Carolyn dedicated her life to others: her children, her husband, her patients, her schools, and her church. Whether it was reasoning with an unreasonable son, assisting her spouse to operate the farm, nursing a patient recovering from surgery, helping displaced WWII families find new hope in America, soothing a sick child as the school nurse, or playing the organ at church for forty years, Carolyn was committed to service and to education.
She was optimistic and supportive, never negative and critical. Her background was deeply rooted in astrong work ethic and the belief that "the Lord will help those who first help others." She believed Tennyson's line from MORTE D'ARTHUR: "More things are wrought by prayer than this world dreams of."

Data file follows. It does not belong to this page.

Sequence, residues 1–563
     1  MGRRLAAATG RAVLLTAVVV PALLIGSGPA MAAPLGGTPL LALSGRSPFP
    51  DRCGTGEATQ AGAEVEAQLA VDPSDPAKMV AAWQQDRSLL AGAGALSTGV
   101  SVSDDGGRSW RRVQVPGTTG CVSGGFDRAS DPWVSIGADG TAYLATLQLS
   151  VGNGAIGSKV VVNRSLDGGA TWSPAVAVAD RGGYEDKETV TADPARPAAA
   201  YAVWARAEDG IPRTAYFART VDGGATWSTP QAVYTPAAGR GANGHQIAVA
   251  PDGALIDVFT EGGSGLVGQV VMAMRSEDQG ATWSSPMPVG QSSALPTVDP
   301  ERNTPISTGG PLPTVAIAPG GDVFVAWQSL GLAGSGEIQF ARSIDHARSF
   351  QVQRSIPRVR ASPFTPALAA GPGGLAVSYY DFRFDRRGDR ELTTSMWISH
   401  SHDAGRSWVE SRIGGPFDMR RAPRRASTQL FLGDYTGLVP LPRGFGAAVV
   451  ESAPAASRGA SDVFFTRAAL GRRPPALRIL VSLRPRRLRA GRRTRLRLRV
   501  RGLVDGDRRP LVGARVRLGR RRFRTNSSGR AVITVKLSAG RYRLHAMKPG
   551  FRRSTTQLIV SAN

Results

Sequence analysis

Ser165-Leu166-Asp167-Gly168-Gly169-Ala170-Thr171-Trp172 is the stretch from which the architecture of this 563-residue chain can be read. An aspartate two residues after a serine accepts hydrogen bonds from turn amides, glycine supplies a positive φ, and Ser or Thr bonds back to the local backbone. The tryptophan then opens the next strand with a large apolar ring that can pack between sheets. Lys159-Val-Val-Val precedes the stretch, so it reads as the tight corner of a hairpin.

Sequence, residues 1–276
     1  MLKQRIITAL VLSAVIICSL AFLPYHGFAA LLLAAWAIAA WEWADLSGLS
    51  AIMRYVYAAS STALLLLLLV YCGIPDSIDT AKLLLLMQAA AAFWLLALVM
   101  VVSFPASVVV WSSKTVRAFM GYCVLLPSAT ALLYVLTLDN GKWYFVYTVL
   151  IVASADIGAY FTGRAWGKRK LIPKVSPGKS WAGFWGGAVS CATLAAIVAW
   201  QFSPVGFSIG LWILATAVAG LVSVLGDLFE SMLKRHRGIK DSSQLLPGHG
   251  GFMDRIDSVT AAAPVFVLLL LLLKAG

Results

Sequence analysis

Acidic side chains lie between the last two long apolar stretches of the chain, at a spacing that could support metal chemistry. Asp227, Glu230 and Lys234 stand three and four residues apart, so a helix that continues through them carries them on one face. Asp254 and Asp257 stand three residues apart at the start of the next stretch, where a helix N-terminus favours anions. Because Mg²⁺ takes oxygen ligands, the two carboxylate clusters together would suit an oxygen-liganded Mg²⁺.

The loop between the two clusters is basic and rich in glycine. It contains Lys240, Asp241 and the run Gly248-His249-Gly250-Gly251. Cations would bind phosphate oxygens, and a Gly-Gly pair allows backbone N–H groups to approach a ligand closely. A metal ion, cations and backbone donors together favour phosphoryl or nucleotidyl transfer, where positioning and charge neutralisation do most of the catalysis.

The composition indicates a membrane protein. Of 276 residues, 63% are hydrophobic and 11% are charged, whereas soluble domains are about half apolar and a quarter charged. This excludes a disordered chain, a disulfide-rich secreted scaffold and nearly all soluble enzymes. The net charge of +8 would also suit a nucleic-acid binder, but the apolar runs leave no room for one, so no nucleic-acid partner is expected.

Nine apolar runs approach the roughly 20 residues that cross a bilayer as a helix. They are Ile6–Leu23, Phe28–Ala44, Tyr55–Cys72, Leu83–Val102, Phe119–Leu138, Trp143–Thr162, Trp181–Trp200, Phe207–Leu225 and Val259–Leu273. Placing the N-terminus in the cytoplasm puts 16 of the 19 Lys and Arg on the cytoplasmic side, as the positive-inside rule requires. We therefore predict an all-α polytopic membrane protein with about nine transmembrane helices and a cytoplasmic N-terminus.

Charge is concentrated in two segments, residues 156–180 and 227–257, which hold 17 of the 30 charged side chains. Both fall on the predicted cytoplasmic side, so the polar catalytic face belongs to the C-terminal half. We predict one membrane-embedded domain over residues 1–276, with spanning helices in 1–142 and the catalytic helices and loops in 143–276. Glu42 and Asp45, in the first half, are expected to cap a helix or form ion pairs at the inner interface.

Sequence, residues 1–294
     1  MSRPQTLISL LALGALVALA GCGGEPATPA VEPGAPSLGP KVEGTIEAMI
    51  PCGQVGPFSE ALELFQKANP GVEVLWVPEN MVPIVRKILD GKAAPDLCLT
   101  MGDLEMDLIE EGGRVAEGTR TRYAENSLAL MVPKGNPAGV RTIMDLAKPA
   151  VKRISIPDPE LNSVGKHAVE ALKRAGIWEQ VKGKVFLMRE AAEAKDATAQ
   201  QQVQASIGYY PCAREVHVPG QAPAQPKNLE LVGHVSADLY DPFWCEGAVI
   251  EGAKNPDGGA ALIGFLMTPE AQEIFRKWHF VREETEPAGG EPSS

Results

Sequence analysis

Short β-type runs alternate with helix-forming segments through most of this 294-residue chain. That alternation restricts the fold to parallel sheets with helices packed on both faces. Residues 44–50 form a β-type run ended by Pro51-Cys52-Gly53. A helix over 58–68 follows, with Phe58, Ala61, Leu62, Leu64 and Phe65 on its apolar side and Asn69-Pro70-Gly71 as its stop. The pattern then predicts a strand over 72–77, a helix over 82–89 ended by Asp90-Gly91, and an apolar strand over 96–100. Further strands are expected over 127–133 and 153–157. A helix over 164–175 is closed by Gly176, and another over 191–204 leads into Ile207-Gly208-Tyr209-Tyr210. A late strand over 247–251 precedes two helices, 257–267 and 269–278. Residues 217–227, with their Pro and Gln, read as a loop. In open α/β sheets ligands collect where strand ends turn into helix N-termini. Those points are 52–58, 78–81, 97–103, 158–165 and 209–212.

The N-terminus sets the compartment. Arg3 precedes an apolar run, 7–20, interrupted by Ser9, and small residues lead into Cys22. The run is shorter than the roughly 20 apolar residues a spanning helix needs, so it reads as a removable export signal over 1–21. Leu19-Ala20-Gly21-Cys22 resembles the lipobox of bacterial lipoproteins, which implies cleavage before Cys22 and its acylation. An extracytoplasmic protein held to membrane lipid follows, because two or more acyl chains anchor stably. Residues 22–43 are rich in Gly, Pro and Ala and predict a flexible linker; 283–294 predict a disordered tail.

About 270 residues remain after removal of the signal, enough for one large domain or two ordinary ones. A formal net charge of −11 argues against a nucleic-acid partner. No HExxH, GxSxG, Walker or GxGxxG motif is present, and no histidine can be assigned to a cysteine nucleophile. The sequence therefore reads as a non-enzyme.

As a mother and nurse she certainly found herself in two of the three most common careers available to women during the first half of the twentieth century: housewife/mother, school teacher, or nurse. She chose, however, to make significant contributions in areas outside these expected "female" roles. She was involved in community activities and raised early concerns about the quality of life for senior citizens, rural health care needs, water quality on farms, soil erosion, etc. She was a strong-minded woman whose influence is reflected in many past, presen,t and undoubtedly future aspects of the small southwest Iowa Community where she lived her life by thinking about the people living around her and how she could contribute to their aspirations.